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Hamilton Men I Have Painted 148f Henri Rochefort.jpg

HENRI ROCHEFORT


WHILE I was painting Henri Rochefort, in Paris, I called to see my former master, Gérome. He was old and gray, and tired. He had worked too hard, and yet he was still hard at it, finishing a bronze statue of young Napoleon on horseback, a Tamerlane, his horse bestriding un monceau de têtes de mort, and painting at two or three canvases on the easels. After a little talk about himself and his work, he asked me what I was doing. "A portrait of Rochefort," was my answer. "Rochefort!" he exclaimed, in a strident voice, "Ne pourriez vous pas trouver autre chose à faire que cela? Rochefort! Cet homme-là a fait plus de mal à la France que n'importe quel autre de nos jours. C'est un miserable!" Et il poursuivit d'injures l'editeur de l'Intransigeant. Je me tus, je ne savais que répondre. Enfin j'osais balbutier, "Mais, il est si pittoresque, il a une chevelure." Gérome était tellement courroucé que je trouvais bon de m'esquiver.

Henri Rochefort was the man of the chevelure à la cockatoo, of whom a colossal bust was made by Rodin, in his most brutal manner. He was for many years a well-known figure in London, a political exile. One remarked him in Piccadilly, in the same way as one noticed Sir Squire Bancroft with his head in the air seeming to overlook everybody through his monocle. How very few remarkable figures there are, figures that stand out conspicuously among a mass of mediocrities!

Rochefort could have been seen, with his handsome niece, constantly in Christie's auction rooms, watching the sales of pictures and furniture. After his return to Paris I commenced the portrait at his house. It was never finished. The Dreyfus affair was at its hottest. At first I was not interested, but a New York lady, who lived always in Europe, called my attention to the apparent injustice of the officer's conviction, degradation, and exile. After reading Zola's famous letter, J'accuse, I became a Dreyfusard, and followed every aspect of le petit bleu with ardour and excitement.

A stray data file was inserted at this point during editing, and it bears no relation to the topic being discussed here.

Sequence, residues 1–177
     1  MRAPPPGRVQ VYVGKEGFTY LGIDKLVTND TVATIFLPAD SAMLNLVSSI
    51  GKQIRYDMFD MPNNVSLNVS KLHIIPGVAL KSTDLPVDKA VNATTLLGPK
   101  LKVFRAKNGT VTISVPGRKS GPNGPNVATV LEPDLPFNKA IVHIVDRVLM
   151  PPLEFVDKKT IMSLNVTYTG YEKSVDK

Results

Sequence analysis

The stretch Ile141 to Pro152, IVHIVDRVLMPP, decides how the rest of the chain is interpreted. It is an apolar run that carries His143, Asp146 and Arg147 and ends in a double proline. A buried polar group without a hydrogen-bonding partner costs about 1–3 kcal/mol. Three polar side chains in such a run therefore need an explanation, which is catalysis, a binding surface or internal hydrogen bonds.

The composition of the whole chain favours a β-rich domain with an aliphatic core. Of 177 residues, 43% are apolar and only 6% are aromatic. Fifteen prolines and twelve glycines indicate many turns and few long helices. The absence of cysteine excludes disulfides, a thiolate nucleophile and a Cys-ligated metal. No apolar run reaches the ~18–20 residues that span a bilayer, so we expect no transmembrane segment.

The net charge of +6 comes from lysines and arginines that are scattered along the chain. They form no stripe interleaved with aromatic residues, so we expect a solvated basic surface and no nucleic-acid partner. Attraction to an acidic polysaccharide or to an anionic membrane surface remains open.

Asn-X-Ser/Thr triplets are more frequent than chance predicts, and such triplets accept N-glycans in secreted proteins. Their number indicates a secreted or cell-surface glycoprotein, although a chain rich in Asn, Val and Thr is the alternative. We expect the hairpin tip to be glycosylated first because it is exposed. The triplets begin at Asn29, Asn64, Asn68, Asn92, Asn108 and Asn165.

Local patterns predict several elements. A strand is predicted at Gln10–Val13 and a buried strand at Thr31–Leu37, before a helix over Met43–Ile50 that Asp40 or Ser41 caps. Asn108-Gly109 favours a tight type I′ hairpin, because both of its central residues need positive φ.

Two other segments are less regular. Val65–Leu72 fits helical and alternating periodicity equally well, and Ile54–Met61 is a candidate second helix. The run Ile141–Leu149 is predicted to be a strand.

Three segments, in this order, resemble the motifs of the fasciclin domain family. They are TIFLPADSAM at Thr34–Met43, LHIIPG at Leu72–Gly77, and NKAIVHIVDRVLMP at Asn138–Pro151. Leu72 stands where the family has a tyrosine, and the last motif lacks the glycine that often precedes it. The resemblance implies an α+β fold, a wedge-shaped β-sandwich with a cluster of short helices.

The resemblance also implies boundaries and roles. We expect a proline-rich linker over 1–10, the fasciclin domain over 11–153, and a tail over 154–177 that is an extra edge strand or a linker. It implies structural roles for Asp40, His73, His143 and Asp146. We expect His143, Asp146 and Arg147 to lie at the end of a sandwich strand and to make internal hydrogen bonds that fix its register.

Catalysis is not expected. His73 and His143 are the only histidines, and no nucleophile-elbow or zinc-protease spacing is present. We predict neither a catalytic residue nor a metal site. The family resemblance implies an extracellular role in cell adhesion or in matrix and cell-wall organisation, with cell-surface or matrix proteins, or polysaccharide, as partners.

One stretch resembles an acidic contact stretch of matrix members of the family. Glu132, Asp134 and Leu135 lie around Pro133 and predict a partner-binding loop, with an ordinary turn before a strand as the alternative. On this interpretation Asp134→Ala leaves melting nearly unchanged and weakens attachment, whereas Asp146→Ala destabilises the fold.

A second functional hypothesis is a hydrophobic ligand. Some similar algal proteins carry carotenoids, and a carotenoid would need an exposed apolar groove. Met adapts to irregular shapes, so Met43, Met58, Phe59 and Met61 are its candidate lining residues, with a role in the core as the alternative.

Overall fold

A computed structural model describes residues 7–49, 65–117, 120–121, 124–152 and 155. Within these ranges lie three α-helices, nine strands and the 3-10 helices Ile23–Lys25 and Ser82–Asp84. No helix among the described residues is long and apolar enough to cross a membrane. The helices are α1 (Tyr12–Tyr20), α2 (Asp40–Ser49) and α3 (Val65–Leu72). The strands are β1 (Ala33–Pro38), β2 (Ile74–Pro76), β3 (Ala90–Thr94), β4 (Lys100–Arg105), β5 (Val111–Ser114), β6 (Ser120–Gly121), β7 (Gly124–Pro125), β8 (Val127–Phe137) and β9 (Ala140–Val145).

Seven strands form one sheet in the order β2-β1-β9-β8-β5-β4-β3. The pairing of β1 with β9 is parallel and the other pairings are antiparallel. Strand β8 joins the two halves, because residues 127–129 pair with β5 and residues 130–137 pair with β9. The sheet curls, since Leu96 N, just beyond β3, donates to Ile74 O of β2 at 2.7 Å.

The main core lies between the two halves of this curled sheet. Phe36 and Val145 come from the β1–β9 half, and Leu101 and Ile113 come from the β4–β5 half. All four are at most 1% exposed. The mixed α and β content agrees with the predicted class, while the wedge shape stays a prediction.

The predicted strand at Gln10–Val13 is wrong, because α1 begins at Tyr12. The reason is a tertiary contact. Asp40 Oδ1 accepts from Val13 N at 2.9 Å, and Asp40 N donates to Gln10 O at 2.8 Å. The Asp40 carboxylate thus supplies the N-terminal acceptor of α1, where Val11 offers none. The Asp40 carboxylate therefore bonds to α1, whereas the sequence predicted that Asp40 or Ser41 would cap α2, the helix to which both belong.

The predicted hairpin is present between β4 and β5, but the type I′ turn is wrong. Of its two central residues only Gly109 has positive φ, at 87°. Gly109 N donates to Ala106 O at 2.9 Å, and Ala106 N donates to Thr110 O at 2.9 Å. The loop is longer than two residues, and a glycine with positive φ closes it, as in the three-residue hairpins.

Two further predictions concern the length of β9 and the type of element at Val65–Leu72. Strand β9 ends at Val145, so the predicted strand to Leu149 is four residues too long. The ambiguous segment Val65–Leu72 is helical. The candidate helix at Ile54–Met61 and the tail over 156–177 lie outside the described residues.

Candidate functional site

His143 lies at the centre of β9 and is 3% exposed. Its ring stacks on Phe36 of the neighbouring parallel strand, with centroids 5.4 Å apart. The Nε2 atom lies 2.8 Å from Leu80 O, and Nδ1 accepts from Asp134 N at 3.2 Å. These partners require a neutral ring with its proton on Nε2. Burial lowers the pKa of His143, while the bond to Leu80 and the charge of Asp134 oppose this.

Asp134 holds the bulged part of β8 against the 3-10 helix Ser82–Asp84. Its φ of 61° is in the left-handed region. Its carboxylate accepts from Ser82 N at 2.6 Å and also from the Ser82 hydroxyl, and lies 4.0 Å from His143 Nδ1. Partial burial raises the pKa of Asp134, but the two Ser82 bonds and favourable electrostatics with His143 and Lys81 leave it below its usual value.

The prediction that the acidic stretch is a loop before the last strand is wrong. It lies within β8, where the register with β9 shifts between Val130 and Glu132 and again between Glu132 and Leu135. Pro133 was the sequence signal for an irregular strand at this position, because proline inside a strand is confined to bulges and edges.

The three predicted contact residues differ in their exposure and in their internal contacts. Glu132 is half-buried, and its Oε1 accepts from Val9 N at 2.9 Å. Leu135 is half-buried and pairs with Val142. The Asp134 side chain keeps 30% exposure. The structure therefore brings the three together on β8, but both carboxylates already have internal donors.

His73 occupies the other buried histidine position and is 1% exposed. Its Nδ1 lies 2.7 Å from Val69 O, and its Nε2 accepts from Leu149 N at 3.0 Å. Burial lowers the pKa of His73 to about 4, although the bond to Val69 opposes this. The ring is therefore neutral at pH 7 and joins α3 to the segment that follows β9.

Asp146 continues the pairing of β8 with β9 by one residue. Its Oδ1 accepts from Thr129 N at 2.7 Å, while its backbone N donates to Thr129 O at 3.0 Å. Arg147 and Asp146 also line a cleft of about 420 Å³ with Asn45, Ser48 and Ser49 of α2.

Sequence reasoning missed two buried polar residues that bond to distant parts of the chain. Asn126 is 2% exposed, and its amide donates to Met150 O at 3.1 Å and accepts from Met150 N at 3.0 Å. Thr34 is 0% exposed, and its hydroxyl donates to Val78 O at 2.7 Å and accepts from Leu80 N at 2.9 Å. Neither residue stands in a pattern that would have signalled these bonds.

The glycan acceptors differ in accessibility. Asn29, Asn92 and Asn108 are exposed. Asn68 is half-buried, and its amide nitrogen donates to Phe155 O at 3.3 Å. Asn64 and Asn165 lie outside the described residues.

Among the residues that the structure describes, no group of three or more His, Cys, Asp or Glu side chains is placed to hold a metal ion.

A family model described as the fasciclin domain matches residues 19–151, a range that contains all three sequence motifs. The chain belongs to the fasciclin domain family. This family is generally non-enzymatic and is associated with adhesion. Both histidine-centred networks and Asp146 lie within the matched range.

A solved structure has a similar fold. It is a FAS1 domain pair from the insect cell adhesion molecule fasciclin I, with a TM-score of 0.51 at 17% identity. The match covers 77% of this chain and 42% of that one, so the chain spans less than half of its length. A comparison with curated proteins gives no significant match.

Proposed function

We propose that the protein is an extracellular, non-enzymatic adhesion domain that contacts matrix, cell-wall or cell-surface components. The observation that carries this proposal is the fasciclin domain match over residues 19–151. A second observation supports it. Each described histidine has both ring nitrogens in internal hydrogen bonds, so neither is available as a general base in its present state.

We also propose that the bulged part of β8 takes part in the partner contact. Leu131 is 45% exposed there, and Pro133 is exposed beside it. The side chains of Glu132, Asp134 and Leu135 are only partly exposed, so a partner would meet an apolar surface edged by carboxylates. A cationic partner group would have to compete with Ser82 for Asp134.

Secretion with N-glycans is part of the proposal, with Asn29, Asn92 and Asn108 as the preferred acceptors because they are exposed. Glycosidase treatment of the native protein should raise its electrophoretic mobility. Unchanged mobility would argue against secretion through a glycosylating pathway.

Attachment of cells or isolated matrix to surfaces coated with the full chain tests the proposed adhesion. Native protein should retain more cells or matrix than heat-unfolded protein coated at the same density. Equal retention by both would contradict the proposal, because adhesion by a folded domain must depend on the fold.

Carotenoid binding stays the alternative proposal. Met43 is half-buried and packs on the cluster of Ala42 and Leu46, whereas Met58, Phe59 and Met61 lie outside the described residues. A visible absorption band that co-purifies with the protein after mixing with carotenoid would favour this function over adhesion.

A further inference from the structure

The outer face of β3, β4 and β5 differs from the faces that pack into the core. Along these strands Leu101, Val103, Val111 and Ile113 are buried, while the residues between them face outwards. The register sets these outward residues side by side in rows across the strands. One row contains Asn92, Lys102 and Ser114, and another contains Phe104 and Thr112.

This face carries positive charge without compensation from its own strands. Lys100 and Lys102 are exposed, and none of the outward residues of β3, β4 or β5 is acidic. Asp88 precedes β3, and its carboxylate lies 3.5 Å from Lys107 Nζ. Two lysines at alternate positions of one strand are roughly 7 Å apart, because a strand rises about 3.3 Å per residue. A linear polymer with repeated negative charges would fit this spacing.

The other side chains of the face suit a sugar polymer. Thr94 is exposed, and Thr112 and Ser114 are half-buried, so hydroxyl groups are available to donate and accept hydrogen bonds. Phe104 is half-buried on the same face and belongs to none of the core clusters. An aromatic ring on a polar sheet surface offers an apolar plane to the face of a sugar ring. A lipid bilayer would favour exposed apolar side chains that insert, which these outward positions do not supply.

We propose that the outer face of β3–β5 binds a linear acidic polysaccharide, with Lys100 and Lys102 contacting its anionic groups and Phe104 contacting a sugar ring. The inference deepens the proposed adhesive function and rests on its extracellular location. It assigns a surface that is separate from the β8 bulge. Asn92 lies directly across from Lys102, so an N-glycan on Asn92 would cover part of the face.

It was an unfortunate moment to be closeted with Henri Rochefort. The French language contained no epithet strong enough, no cochonnerie vile enough to convey Rochefort's spleen against this unfortunate "spy," who was not only in league with the Devil, but, what was far worse, with the Emperor William of Germany. There was no doubt at all in Rochefort's mind that the Emperor himself was in constant secret communication with Dreyfus, and that the fireproof safe, in his palace at Potsdam, contained documents supplied by his correspondent in France, revealing the strength and the weakness of the French army, the characters of the personnel of the staff, the number and calibre of the guns, and the definitions of all the secret mechanisms and appliances of the various armaments.

Rochefort did not believe in original sin, and vigorously pooh-poohed the idea that little children, pure and innocent angels, as he called them, could possibly be inheritors of the germs of wickedness. But original sin and all other kinds of sin were innate in the Kaiser and in the traitorous miscreant who had betrayed France to the grasp of the "mailed fist," the foe acharné de la Patrie.

Whatever may have been the views of English statesmen in 1896, Henri Rochefort harboured no illusions as to the ambitions and aims of the German Emperor.

In the light of what has transpired since, a light that blazed red for four years, I may have done Rochefort an injustice by quitting his house before the portrait was finished, because of the vehemence of his invective against the enemies of France and the unfortunate Dreyfus.